Women in ag related positions much lower than expected
The initial phase of results from the first-of-its-kind, comprehensive study of women in agribusiness, entitled "The Changing Demographics and Experience of Women in Agribusiness," have just been released by global food and agribusiness consultancy HighQuest Partners.
The first phase of the three-part study surveyed 81 companies from throughout the agri-food value chain to provide a baseline of data representing a snapshot of women in the agribusiness and food sectors. The remaining two phases, where participants representing 142 companies were interviewed, examine the attitudes and experiences of women in agribusiness, as well as the existing programs for recruitment, retention and advancement of women in order to provide recommendations for planning gender-inclusion programs.
"Initial findings show that while top level data presents a fair state of gender equality with 44% of the agribusiness labor force being women, more detailed data indicates that women face challenges in advancing their careers in agribusiness and that these challenges are more prominent in larger companies," said study author Sarah Day Levesque.
Day Levesque shared stats from the study, most notably that almost half (47%) of ag degree graduates are women, yet women in commercially-focused roles in agribusiness, such as procurement, production and risk management, are underrepresented, accounting for 30% or less of these functional areas. Conversely, women are overrepresented in positions such as marketing, administration and human resources, with up to 82% being women. At the executive level, including CEO positions, women hold 21% of the positions in small companies but only 6% in large companies.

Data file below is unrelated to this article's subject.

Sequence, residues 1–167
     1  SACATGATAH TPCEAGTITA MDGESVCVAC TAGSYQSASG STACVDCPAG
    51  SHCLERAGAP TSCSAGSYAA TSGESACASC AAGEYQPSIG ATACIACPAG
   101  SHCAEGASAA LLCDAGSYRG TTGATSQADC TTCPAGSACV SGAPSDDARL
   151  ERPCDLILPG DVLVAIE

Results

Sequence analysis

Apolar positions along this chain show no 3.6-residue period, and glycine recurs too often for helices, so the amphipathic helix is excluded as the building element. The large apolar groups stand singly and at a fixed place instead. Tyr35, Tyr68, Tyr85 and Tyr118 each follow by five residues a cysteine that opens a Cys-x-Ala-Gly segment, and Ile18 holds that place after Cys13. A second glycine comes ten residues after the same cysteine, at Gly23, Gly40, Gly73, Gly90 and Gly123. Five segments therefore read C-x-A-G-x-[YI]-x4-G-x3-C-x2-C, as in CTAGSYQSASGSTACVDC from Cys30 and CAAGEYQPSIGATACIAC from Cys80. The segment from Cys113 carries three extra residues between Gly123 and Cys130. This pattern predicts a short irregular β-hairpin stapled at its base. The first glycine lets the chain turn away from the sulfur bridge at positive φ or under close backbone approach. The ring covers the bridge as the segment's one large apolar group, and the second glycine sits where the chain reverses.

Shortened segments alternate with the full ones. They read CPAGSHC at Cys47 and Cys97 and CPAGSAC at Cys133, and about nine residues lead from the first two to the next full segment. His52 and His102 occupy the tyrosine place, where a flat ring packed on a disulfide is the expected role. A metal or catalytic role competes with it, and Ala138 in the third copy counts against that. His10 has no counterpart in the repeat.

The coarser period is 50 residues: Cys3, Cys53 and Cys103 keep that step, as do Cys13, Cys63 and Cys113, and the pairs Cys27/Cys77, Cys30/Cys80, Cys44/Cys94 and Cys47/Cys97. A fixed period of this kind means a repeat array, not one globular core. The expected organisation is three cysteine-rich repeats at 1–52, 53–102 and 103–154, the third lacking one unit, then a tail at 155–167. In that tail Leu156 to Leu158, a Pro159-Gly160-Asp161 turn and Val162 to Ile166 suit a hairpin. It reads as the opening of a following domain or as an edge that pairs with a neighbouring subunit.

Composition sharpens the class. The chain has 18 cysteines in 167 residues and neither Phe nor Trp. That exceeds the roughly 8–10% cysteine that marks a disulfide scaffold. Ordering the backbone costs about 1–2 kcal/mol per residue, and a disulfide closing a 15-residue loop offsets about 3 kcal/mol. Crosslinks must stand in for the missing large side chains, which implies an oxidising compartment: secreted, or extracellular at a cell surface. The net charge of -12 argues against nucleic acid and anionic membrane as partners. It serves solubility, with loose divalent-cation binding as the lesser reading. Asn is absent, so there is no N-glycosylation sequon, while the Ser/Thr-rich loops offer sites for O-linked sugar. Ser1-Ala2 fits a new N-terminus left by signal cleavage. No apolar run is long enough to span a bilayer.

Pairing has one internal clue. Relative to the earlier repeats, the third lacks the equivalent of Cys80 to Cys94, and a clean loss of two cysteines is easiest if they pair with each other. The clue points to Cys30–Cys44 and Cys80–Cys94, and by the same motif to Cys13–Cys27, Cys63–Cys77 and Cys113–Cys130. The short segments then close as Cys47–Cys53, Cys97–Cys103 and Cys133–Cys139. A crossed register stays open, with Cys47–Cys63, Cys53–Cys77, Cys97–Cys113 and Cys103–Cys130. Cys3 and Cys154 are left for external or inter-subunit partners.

"Certainly this reflects the general trend in other business sectors where the higher up the corporate ladder one goes, the fewer women hold positions," said Day Levesque. "However, several of the agribusiness companies surveyed expressed how difficult it is to attact and find the talent required for ag positions, let alone find women to fill these roles, pointing to a broader issue: that there is a lack of available, talented women for trained roles in agribusiness."
Other findings in the first phase of the study include:
- A higher percentage of women advance to senior positions in small companies.
- Just less than 20% of agribusinesses have programs to recruit women.
- The most common recruitment strategy concentrates on universities with ag or food related programs.
A complete synopsis of the study results will be presented at next month's Women in Agribusiness Summit (www.womeninag.com) at the Hyatt Regency in Minneapolis, Minn., October 22-24. Detailed findings and recommendations from all phases of the survey are available for purchase, either online at http://goo.gl/byC79 or at the summit.
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